Meanwhile, yer actual Keith Telly Topping's beloved (though unsellable) Newcastle have agreed a fee to sign twenty seven-year-old France striker Bafetimbi Gomis from Lyon. The Ligue 1 club accepted an offer in the region of eight million smackers, but Newcastle must still agree personal terms with the player. Gomis, who is close friends with Magpies midfielder Moussa Sissoko, scored twenty goals in forty four games for Lyon last season. Newcastle are also working on a deal for QPR's Loic Remy, another France international (to go with the several they already have) on a season-long loan. Gomis, who has scored three goals in twelve appearances for France, becomes Newcastle's first major transfer business of the summer following Joe Kinnear's arrival as director of football. Newcastle manager Alan Pardew has been in the market for a new striker having sold Demba Ba to Chelsea for seven million knicker in January. He will become the eleventh Frenchman in Newcastle's first-team squad. Gomis came through the youth ranks at lower league outfit Sporting Toulon Var before moving to St Etienne in 2000 aged fifteen. The striker made his senior debut for St Etienne in 2004, and went on to make one hundred and forty two league appearances for the club, scoring forty goals. He scored twice on his international debut for France in a friendly against Ecuador in May 2008, which earned him a place in Les Bleus' squad for Euro 2008. In July 2009 Gomis made a thirteen million quid switch from St Etienne to Lyon where he has spent the last four seasons.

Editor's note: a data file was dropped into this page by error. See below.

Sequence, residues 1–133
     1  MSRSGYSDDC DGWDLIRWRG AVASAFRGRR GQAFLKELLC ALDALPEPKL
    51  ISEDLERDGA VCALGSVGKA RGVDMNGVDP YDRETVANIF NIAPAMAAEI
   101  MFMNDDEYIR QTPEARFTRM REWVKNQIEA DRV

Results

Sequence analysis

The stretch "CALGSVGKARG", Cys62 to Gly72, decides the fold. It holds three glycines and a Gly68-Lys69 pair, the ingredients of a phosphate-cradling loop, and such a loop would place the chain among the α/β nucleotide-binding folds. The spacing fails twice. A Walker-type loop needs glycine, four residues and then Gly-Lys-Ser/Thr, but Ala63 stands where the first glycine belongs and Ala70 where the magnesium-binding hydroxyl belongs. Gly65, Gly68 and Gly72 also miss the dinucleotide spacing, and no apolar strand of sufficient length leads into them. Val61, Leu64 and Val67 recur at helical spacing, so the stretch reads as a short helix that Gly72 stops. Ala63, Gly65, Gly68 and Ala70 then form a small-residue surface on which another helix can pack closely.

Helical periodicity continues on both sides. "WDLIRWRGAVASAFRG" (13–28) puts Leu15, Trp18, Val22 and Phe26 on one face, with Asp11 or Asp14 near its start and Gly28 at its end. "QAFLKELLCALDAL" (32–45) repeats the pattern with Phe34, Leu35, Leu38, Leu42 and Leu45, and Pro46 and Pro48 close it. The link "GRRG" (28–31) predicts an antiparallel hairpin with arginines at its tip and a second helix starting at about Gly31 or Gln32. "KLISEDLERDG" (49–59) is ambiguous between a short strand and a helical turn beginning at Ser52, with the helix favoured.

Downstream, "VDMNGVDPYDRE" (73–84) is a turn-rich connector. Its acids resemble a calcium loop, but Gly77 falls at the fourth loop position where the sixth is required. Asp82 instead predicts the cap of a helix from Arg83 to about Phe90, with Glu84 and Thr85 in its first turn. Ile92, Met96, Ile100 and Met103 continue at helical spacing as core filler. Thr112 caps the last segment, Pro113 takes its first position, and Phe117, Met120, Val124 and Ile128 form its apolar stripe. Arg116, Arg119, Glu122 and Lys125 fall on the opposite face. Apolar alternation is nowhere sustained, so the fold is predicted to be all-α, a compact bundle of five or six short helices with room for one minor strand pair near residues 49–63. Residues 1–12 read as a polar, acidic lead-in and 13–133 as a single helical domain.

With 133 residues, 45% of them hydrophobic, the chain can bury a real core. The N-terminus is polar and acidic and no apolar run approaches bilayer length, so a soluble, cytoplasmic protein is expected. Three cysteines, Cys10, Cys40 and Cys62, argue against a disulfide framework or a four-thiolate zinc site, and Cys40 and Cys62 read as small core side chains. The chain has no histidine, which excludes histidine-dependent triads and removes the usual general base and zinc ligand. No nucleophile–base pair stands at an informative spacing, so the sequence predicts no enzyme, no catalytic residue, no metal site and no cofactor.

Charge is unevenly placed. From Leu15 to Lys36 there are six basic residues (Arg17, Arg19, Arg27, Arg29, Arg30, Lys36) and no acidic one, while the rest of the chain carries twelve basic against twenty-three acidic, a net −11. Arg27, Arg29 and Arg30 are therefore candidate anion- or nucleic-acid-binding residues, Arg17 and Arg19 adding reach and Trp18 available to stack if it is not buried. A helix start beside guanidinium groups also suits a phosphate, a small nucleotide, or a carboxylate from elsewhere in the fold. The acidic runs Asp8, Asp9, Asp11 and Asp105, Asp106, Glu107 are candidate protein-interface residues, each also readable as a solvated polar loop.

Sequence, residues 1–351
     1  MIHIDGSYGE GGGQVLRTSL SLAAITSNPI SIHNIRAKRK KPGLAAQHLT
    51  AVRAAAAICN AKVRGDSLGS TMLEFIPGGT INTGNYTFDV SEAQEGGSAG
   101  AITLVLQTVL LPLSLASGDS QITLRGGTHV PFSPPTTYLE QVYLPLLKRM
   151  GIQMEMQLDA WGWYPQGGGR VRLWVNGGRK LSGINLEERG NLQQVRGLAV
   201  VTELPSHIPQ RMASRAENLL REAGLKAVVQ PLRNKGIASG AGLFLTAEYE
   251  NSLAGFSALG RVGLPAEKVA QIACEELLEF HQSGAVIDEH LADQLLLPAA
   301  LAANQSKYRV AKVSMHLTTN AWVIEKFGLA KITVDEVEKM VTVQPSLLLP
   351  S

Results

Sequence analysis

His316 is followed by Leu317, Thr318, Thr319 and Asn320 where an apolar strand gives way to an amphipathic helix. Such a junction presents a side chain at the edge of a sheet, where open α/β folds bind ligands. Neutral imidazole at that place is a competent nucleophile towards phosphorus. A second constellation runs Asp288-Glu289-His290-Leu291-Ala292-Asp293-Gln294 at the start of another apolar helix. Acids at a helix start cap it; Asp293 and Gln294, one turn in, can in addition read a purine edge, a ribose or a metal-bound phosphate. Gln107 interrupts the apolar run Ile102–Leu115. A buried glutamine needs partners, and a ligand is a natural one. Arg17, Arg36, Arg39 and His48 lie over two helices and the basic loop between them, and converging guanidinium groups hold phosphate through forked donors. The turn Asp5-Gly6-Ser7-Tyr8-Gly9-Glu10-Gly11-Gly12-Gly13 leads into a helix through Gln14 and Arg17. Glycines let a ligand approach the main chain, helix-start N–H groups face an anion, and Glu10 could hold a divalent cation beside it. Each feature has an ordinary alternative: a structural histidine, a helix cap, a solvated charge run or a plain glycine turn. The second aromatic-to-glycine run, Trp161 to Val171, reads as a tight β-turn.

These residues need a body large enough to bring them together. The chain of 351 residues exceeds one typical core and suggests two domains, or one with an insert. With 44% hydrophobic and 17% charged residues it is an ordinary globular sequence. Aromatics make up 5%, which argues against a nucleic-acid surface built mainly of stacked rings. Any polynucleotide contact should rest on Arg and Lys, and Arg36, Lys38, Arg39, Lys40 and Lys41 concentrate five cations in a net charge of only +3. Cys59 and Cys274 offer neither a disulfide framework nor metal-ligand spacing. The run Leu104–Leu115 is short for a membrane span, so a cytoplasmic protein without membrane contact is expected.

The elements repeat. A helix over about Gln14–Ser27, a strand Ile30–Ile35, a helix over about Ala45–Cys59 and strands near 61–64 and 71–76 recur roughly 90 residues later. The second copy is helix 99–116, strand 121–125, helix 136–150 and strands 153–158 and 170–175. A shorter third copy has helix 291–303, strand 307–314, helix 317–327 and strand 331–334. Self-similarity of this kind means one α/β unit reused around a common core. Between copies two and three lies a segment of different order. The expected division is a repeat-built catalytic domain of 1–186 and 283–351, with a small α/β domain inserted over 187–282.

Is this the most unfortunate bit of sub-editing you've ever seen from a newspaper, dear blog reader?
One trusts someone got a right good bollocking for that. S'cuse the pun.

Which brings us to today's Keith Telly Topping's 45 of the Day. It's that time again, dear blog reader, the cosmic wheel has turned yet again. Though, somehow, I can't see Peter Capaldi reforming Dreamboys to record a cover version.